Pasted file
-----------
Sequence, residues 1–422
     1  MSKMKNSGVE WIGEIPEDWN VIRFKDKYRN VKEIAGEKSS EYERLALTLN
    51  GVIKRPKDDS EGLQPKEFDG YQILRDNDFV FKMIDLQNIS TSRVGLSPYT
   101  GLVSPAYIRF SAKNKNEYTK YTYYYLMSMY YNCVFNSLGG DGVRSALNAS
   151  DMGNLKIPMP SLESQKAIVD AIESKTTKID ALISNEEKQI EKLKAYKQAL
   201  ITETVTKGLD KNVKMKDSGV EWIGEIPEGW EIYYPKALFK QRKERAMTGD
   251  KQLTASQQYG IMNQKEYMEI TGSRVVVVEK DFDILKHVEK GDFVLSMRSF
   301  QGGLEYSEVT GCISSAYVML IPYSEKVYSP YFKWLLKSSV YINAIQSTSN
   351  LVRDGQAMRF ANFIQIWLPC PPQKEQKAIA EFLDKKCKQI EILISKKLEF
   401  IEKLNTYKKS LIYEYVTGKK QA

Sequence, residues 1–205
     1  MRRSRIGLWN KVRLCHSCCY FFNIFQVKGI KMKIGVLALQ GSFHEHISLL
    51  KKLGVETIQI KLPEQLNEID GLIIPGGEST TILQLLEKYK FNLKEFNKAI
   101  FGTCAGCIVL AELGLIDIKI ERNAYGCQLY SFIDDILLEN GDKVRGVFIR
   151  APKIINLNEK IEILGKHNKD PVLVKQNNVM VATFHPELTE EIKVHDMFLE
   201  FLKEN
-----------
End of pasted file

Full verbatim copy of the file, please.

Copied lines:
Sequence, residues 1–422
     1  MSKMKNSGVE WIGEIPEDWN VIRFKDKYRN VKEIAGEKSS EYERLALTLN
    51  GVIKRPKDDS EGLQPKEFDG YQILRDNDFV FKMIDLQNIS TSRVGLSPYT
   101  GLVSPAYIRF SAKNKNEYTK YTYYYLMSMY YNCVFNSLGG DGVRSALNAS
   151  DMGNLKIPMP SLESQKAIVD AIESKTTKID ALISNEEKQI EKLKAYKQAL
   201  ITETVTKGLD KNVKMKDSGV EWIGEIPEGW EIYYPKALFK QRKERAMTGD
   251  KQLTASQQYG IMNQKEYMEI TGSRVVVVEK DFDILKHVEK GDFVLSMRSF
   301  QGGLEYSEVT GCISSAYVML IPYSEKVYSP YFKWLLKSSV YINAIQSTSN
   351  LVRDGQAMRF ANFIQIWLPC PPQKEQKAIA EFLDKKCKQI EILISKKLEF
   401  IEKLNTYKKS LIYEYVTGKK QA

Sequence, residues 1–205
     1  MRRSRIGLWN KVRLCHSCCY FFNIFQVKGI KMKIGVLALQ GSFHEHISLL
    51  KKLGVETIQI KLPEQLNEID GLIIPGGEST TILQLLEKYK FNLKEFNKAI
   101  FGTCAGCIVL AELGLIDIKI ERNAYGCQLY SFIDDILLEN GDKVRGVFIR
   151  APKIINLNEK IEILGKHNKD PVLVKQNNVM VATFHPELTE EIKVHDMFLE
   201  FLKEN